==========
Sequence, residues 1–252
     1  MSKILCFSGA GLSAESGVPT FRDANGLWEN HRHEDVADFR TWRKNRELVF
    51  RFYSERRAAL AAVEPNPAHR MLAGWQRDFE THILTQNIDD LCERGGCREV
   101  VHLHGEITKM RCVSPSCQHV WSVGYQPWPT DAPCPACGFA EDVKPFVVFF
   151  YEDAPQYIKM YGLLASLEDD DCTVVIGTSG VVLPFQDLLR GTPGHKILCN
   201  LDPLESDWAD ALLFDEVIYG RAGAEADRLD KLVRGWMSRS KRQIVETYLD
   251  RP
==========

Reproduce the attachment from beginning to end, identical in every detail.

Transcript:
Sequence, residues 1–252
     1  MSKILCFSGA GLSAESGVPT FRDANGLWEN HRHEDVADFR TWRKNRELVF
    51  RFYSERRAAL AAVEPNPAHR MLAGWQRDFE THILTQNIDD LCERGGCREV
   101  VHLHGEITKM RCVSPSCQHV WSVGYQPWPT DAPCPACGFA EDVKPFVVFF
   151  YEDAPQYIKM YGLLASLEDD DCTVVIGTSG VVLPFQDLLR GTPGHKILCN
   201  LDPLESDWAD ALLFDEVIYG RAGAEADRLD KLVRGWMSRS KRQIVETYLD
   251  RP